The Most Dangerous Game is a 1932 Pre-Code adaptation of the 1924 short story of the same name by Richard Connell, the first film version of that story. It stars Joel McCrea, Leslie Banks, and King Kong leads Fay Wray and Robert Armstrong, and was made by a team including Ernest B. Schoedsack and Merian C. Cooper, the co-directors of King Kong (1933). Because it was so inexpensive to make, costing only $200,000, The Most Dangerous Game made more profit for RKO than the very expensive King Kong did.
Famous big game hunter and author Bob Rainsford (McCrea) is the sole survivor of a shipwreck. He swims to a small, lush island. He becomes the guest of the expatriate Russian Count Zaroff (Banks), a fellow hunting enthusiast. Zaroff remarks that Bob’s misfortune is not uncommon; in fact, four people from the previous sinking are still staying with him: Eve Trowbridge (Wray), her brother Martin (Armstrong), and two sailors.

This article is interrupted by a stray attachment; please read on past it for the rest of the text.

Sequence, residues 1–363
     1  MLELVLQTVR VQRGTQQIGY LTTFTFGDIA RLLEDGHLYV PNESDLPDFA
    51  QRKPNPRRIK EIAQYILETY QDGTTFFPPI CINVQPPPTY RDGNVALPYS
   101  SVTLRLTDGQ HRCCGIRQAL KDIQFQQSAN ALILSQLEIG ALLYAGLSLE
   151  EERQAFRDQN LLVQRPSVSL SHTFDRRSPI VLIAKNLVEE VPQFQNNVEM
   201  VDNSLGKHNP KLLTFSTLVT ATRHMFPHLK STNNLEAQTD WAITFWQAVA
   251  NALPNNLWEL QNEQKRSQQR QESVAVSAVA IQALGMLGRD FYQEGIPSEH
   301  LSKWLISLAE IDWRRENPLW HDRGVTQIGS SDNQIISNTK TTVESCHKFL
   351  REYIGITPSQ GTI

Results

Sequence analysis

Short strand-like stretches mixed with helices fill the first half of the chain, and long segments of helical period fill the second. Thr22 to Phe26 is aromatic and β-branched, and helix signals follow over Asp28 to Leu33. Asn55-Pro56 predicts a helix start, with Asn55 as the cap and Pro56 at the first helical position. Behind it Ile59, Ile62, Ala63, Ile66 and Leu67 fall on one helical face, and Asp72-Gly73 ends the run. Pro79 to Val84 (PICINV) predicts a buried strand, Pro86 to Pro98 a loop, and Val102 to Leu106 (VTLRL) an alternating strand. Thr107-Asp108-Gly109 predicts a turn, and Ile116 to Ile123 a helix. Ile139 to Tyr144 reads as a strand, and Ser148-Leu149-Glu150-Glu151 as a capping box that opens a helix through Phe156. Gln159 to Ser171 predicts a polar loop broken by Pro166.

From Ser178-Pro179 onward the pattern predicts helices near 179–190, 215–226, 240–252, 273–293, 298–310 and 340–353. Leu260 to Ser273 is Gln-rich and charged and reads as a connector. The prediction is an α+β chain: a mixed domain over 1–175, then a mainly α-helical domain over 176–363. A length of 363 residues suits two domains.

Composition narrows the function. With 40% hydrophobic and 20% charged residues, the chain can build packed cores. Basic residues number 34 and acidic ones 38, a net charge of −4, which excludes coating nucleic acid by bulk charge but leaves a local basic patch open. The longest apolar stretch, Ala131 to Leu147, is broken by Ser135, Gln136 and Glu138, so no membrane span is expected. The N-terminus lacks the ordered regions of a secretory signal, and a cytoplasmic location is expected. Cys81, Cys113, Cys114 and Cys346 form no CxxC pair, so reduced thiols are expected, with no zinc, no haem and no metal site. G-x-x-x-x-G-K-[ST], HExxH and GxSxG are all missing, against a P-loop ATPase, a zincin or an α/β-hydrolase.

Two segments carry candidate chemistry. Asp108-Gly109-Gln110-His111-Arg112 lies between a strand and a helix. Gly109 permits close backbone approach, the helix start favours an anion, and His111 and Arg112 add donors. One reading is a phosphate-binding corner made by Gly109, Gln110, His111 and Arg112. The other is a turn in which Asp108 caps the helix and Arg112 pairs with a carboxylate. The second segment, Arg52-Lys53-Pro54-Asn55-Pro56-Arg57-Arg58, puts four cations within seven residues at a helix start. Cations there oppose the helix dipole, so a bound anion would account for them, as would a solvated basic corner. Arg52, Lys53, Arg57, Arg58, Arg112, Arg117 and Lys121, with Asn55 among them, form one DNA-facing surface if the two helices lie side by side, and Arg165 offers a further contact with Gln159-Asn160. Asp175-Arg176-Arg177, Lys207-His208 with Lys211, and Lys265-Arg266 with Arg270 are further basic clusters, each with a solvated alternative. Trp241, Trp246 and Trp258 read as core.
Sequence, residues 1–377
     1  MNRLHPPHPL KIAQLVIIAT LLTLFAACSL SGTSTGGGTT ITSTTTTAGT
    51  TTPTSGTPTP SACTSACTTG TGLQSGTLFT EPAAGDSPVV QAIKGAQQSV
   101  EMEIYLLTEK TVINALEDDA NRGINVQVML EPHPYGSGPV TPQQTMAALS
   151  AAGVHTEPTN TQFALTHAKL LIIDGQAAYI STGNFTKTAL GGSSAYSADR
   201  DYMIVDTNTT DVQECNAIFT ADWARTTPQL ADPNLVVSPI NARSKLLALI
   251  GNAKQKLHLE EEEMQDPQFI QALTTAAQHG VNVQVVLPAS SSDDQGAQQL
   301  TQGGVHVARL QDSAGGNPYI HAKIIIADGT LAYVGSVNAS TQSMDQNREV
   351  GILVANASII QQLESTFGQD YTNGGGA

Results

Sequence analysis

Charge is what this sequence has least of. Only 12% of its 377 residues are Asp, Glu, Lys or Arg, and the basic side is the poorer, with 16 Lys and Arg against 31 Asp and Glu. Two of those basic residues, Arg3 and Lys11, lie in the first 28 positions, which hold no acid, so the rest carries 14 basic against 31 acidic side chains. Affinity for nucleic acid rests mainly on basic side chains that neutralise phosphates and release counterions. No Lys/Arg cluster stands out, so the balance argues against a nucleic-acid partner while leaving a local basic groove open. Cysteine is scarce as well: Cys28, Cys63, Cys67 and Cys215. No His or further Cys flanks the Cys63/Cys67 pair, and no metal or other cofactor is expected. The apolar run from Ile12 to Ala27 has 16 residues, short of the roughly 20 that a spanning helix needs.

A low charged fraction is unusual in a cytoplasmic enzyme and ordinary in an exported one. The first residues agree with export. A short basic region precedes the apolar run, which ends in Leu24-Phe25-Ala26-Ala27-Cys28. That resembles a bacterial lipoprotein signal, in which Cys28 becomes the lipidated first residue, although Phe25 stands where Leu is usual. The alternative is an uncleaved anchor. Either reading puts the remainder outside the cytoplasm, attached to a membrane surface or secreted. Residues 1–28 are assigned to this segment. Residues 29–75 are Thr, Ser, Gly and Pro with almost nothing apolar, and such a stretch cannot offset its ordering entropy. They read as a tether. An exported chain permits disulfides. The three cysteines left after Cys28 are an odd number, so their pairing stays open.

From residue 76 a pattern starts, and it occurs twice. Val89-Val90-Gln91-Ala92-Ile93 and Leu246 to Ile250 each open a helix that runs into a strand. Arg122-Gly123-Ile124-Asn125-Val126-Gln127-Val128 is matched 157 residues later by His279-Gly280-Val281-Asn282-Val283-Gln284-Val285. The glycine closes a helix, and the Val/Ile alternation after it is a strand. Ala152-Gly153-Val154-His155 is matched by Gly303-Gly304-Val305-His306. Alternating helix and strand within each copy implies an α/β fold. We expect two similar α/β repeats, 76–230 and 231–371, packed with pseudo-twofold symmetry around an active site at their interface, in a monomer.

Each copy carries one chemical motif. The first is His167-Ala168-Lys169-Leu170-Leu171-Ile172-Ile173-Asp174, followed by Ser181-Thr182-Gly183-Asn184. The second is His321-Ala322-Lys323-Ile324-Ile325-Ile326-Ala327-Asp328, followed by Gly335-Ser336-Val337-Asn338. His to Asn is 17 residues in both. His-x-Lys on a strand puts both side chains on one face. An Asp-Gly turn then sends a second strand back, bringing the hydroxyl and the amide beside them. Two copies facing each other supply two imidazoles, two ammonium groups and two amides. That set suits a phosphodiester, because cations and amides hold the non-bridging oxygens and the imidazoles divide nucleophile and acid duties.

That night, Zaroff introduces Bob to the Trowbridges and reveals his obsession with hunting. During one of his hunts, a Cape buffalo inflicted a head wound on him. He eventually became bored of the sport, to his great consternation, until he discovered “the most dangerous game” on his island. Bob asks if he means tigers, but Zaroff denies it. Later, Eve shares her suspicions of Zaroff’s intentions with the newcomer. The count took each sailor to see his trophy room, on different days, and both have mysteriously disappeared. She believes their host is responsible…
“The Most Dangerous Game is part adventure film, part horror (portions of the “trophy room” scene were cut when preview audiences started leaving the theater in horror/disgust). The principals make an engaging group, and the overall flick is like And Then There Were None without the mystery. If King Kong is the more ambitious and better known of these pieces of Siamese celluloid, Dangerous Game at least needs to be acknowledged in its own right as a classic example of early adventure, Hollywood style.” Classic Movies Digest review
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